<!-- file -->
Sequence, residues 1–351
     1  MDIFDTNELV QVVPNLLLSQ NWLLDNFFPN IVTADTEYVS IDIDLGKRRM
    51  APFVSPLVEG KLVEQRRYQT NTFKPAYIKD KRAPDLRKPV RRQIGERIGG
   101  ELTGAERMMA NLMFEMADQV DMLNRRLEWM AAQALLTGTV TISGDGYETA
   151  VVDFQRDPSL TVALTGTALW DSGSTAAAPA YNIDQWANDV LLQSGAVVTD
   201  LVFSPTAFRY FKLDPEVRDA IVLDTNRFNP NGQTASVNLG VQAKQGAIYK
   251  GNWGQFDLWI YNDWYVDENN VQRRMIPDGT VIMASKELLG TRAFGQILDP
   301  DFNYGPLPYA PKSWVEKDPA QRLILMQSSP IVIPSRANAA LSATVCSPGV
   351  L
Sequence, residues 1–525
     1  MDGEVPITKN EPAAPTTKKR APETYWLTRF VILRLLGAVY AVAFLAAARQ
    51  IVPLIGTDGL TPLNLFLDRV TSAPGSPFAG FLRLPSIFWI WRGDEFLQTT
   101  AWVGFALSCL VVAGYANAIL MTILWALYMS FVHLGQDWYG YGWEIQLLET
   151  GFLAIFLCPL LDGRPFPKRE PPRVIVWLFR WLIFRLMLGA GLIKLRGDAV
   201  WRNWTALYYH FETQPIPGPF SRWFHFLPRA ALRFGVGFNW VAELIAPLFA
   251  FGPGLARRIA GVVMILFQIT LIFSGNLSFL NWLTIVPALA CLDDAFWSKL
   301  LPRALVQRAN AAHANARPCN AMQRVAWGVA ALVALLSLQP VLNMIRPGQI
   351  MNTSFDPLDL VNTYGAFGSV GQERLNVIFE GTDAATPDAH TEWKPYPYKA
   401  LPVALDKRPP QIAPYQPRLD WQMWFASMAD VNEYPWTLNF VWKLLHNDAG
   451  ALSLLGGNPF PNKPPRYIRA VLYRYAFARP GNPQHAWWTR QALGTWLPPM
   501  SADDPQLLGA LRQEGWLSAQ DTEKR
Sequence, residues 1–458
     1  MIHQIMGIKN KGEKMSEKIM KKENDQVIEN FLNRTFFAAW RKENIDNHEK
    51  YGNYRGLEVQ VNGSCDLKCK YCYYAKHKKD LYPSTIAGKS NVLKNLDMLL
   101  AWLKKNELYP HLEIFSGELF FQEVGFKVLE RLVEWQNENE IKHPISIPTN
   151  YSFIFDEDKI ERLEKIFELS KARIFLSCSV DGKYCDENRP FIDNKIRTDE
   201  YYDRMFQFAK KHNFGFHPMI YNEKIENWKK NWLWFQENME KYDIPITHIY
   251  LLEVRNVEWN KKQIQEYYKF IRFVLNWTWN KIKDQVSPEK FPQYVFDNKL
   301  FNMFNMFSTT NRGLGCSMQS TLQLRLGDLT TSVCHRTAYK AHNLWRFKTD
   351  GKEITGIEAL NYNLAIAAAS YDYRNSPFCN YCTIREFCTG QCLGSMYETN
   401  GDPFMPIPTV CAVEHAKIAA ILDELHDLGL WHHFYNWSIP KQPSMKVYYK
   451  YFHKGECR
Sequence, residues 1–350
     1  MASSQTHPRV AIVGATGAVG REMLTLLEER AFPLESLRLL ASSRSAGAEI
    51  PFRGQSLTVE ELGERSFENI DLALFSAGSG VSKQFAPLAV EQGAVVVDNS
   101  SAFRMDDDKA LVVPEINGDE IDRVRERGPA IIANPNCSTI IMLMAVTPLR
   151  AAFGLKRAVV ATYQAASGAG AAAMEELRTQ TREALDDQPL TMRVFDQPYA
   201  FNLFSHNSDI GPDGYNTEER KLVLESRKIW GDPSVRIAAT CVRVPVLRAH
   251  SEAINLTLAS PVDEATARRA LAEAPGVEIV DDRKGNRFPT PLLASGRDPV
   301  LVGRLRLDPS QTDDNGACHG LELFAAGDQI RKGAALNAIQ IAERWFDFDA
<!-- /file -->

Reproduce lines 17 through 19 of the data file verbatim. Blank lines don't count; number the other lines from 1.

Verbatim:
   301  LPRALVQRAN AAHANARPCN AMQRVAWGVA ALVALLSLQP VLNMIRPGQI
   351  MNTSFDPLDL VNTYGAFGSV GQERLNVIFE GTDAATPDAH TEWKPYPYKA
   401  LPVALDKRPP QIAPYQPRLD WQMWFASMAD VNEYPWTLNF VWKLLHNDAG